Facebook to crack down on revenge porn in Australia by putting digital fingerprint on images

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Facebook in Australia is piloting a programme aimed at cracking down on revenge porn.

Netsafe's Martin Cocker thought the tool will "absolutely" come to New Zealand.
Source: Breakfast

Anyone who is worried their intimate pictures will be shared on the site without their consent can send them via the Messenger function on Facebook to get them 'hashed'.

That will see the image converted into a unique digital fingerprint that will block any attempts at uploading the original by someone else. 

Executive director of Netsafe Martin Cocker says the move "will make a big difference". 

"In simple terms, Australia would allow you to upload your own photos, by sending it to yourself, and to identify that as a photo that you never want released on Facebook, because it is image based abuse."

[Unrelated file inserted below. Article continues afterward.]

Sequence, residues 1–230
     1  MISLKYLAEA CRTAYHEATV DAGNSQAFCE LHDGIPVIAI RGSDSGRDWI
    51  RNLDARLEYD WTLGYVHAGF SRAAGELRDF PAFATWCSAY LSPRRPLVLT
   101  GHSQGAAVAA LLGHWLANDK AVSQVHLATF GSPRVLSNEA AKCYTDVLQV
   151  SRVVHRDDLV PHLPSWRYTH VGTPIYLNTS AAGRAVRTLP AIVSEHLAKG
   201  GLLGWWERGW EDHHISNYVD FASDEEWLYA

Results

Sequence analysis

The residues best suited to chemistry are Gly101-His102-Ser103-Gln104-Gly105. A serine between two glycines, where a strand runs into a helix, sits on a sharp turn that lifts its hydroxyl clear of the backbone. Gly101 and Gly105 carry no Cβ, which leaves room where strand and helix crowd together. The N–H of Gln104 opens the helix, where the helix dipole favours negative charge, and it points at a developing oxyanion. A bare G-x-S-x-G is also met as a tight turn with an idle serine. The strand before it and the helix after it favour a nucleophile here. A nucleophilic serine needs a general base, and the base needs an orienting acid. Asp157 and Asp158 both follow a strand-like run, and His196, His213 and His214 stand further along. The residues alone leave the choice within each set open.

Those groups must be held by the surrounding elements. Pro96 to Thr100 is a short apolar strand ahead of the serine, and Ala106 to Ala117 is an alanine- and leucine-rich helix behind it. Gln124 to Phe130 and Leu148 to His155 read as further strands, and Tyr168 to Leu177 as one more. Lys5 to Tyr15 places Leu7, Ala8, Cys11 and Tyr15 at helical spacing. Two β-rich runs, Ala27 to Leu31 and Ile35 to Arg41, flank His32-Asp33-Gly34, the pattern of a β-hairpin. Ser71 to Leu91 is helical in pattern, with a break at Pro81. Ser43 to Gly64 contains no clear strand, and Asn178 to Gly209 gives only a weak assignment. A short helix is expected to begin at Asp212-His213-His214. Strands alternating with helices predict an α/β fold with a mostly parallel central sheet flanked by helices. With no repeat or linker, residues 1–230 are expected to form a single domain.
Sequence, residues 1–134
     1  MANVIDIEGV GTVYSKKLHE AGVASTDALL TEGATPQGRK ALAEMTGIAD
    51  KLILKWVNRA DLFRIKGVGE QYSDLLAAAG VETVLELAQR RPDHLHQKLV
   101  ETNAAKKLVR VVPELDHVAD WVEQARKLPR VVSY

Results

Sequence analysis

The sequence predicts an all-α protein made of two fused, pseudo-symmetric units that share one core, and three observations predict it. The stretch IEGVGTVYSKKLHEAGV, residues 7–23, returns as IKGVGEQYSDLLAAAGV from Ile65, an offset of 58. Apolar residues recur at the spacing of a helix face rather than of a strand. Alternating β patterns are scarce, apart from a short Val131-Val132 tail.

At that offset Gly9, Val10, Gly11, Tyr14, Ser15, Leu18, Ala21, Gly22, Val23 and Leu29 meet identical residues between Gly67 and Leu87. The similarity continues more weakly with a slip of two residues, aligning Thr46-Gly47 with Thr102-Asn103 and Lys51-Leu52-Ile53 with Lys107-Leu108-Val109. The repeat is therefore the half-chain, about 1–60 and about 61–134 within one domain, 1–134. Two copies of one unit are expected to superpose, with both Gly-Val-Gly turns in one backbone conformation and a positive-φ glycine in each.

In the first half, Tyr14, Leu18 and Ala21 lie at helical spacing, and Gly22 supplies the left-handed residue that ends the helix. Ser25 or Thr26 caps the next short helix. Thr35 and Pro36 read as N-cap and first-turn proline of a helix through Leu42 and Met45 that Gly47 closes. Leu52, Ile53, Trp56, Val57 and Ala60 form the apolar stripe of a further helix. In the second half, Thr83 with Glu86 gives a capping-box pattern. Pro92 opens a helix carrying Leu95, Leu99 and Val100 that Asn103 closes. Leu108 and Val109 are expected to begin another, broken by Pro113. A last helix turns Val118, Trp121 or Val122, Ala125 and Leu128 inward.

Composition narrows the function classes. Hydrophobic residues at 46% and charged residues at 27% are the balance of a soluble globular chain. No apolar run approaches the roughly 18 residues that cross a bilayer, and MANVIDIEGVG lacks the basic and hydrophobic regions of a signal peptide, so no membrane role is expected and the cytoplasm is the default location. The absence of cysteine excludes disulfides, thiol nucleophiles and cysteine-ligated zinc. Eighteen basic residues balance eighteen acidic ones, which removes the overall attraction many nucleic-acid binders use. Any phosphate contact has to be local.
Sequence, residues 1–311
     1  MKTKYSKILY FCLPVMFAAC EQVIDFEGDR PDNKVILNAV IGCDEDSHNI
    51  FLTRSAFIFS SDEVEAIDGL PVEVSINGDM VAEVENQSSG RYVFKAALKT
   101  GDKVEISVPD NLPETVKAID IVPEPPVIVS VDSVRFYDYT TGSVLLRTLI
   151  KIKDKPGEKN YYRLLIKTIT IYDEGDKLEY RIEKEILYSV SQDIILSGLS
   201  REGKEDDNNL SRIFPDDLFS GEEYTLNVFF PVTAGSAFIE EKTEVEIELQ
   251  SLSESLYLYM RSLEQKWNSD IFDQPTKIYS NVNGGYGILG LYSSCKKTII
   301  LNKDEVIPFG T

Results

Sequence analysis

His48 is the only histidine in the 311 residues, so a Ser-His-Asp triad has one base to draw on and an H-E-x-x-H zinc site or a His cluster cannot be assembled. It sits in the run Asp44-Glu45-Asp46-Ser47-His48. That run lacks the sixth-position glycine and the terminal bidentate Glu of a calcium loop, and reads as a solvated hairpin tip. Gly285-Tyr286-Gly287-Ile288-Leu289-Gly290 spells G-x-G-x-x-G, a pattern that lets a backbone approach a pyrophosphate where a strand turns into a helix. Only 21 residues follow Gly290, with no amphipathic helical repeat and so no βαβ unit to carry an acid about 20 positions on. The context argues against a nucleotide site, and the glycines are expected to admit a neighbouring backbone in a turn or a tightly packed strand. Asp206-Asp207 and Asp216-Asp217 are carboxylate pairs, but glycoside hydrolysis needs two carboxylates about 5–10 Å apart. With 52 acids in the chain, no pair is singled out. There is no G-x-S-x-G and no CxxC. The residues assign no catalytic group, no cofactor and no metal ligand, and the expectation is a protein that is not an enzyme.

"Obviously people still have to go through the process of reporting the image, which means you have to know the image exists and you have to have a copy of it youself… but it's a big part of the solution to this problem."

Mr Cocker said revenge porn is when "typically people in a relationship create intimate images of each other then later on, typically when they break up, one of the partners threatens to release those images or does release those images". 

The tool isn't available in New Zealand yet, but Mr Cocker thought it would be "absolutely" cross the ditch. 

"In this country we have the Harmful Digital Communication Act, so you can report it to Netsafe or report it to the police and the person who is sharing them is breaking the law, it's an offence."

"But as these tools come up, we'd recommend people using them."


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